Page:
As Newcastle United geared up for the upcoming match against AFC Bournemouth, their recent performances showcased a mix of highs and lows, tallying two victories, two losses, and a draw in the last five games. This inconsistent form prompted reflections on how Newcastle is navigating through injury challenges and scrutinized manager Eddie Howe’s adjustments to game plans. In this article, we delve into the intricacies of Newcastle United’s form, shedding light on the questions surrounding their approach to injuries and the strategic choices made under Howe’s leadership.
What culminated though was Andoni Iraola‘s Bournemouth taking advantage to make inroads from the bottom 3 and climb the table with a 2-0 result. While AFC Bournemouth rightly deserve praise for the win, was Howe’s gameplan to blame?? And how did Iraola made the best out of it tactically?? Let’s dive in.
Newcastle In and Out of Possession
Are the Magpies too vulnerable to cutbacks
Pics 1, 2, 3: Newcastle sliced upon by a fine sequence worked by Bournemouth to generate a chance inside box
In the initial moments of the game, Newcastle appeared to lack pace, affirming a recurring pattern observed in which they frequently concede opportunities from cutbacks. As illustrated in the series of images in Pic1, 2, and 3, Bournemouth effectively stretched Newcastle’s four-man defense, exploiting the gaps between center-backs and full-backs.
That meant Bournemouth regularly had the opportunity to have their midfielders make late runs into the box without trackers, a responsibility usually undertaken by Bruno Guimaraes or Joelinton. Throughout the game, Iraola, utilizing Bournemouth’s 4-2-4 formation, effectively capitalized on this strategy, while Howe appeared to provide limited tactical adjustments in response.
Bournemouth’s Transitional Game
Best Game Plan Response from Iraola??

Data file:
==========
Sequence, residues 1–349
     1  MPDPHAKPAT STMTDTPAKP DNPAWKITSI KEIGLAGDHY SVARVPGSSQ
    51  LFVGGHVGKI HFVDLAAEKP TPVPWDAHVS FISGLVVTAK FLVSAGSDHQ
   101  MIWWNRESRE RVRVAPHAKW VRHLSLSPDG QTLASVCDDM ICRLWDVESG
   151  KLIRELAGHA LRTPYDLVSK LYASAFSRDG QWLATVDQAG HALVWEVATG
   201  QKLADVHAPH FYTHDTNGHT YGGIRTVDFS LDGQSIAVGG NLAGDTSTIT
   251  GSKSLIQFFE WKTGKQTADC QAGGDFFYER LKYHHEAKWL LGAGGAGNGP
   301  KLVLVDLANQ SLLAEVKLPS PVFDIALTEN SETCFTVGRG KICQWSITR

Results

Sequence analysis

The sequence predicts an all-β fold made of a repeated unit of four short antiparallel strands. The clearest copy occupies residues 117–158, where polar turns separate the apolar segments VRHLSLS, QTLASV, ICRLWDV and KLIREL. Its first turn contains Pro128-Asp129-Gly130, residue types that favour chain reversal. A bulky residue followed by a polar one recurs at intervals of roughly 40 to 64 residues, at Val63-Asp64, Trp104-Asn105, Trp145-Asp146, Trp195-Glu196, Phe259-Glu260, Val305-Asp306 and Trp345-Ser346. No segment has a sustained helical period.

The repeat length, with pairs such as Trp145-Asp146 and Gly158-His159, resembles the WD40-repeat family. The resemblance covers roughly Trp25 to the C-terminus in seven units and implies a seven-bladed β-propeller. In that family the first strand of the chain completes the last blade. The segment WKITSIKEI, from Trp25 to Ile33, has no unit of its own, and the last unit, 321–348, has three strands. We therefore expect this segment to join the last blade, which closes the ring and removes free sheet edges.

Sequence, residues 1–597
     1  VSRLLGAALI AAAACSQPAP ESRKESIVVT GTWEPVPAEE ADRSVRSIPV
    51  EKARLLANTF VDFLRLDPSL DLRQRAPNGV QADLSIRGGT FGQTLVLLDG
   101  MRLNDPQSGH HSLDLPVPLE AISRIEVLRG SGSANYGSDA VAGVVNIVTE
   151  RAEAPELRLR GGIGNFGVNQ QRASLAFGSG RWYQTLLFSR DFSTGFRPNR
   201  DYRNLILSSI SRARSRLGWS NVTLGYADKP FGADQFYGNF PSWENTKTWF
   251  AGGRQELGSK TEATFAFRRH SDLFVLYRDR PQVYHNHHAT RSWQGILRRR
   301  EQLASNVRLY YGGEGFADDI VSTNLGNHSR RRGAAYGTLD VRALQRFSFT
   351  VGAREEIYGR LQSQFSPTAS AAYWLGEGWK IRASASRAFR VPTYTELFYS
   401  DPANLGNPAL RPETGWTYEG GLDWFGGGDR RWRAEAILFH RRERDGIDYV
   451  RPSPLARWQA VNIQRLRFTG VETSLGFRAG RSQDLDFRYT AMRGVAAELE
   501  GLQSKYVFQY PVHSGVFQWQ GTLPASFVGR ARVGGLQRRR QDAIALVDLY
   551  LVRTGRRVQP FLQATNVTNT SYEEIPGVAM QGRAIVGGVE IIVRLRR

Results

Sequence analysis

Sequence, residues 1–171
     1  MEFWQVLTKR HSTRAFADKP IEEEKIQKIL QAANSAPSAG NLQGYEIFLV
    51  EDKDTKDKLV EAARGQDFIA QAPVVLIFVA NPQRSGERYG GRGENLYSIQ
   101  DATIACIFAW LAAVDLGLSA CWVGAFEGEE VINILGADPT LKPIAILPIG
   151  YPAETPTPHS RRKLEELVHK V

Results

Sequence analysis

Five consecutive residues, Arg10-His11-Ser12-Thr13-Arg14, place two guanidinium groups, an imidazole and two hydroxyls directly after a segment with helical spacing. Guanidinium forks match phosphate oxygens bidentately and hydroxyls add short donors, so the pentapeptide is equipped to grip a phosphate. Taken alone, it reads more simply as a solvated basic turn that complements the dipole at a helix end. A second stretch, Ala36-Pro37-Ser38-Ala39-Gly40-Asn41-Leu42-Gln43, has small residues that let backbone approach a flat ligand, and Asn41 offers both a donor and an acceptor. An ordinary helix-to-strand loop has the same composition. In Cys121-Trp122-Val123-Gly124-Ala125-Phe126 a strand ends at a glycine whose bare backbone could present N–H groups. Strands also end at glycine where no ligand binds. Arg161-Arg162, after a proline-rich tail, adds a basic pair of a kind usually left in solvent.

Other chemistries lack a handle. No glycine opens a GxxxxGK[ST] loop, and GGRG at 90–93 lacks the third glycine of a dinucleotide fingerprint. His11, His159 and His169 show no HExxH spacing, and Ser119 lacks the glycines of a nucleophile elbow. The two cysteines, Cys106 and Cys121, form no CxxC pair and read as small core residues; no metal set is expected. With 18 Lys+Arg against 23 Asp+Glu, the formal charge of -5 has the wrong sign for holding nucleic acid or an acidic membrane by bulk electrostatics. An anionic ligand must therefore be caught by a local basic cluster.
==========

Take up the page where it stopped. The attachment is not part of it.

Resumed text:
Pics 4: Newcastle’s 4-5-1 shape against Bournemouth
Bournemouth countered well against Newcastle’s 4-5-1 who perhaps were baited well in 1st phase by using a 4-1 setup. This ensured that by spreading the play, gaps between the 5 man line could be found. Once again Howe’s judgement here could be questioned because of the fact that though a 4-5-1 offers 2 sets of wide men and 3 midfielders to prevent central penetration, Bournemouth were able to work out some better 3rd man combinations that helped them beat Newcastle’s rather Passive press.
Vid 1: Bournemouth’s 1st goal against Newcastle
Bournemouth kept pressurizing and eventually, Newcastle couldn’t really keep up after a lot of shots kept away by Nick Pope. A critical mistake, coupled with Solanke’s astute positioning, allowed Bournemouth to capitalize on the error and successfully find the net near Pope’s post. The unfolding of this play underscored a pre-existing vulnerability in Newcastle’s defensive approach, particularly in their susceptibility to cutbacks or, in simpler terms, leaving spaces in the middle during the final phase of the opponent’s attacks.
Perhaps the best mention should go to Solanke, who despite being deemed quiet throughout the game kept composure to make the right run and finish the chance. It’s very noticeable how Iraola wants his runners inside the box, especially if you note towards 0:11 in Vid 1 where far post runners had easy tap-ins if the ball was squared, an aspect of Iraola’s Rayo we finally see pay dividends in an important game.
And as the tagline for the sub-heading suggested, despite larger possession from Newcastle, AFC Bournemouth generated an incredible 2.51 xG to outshoot Newcastle’s mere 0.49, and perhaps served as proof that the Cherries can continue playing the swift transition game with Iraola and get results. The pass network also shows their left tilt that worked very well in generating the aforementioned cutback chances we discussed against Newcastle.
The key passes viz in the bottom left pitch show the same: Cutback one after another while all Newcastle managed were few long-range efforts that didn’t really test the better of Neto.
The significance of this game before the international break is heightened due to Bournemouth’s challenging campaign, one that has frequently tested the resolve of the club’s leadership to evaluate Iraola’s future. Despite maintaining the stance that this is a long-term project worthy of investment, the persistent trials faced by Bournemouth underscore the critical juncture at which the club finds itself.
As for Eddie Howe, the injury crisis is something that’s slowly exposing the flaws this Newcastle team still has despite the larger makeovers they have undergone under the PIF ownership. While Howe’s still the best man to lead the project, this game probably strengthens the point that they need to upgrade a lot of profiles to continue fighting on multiple fronts across various competitions.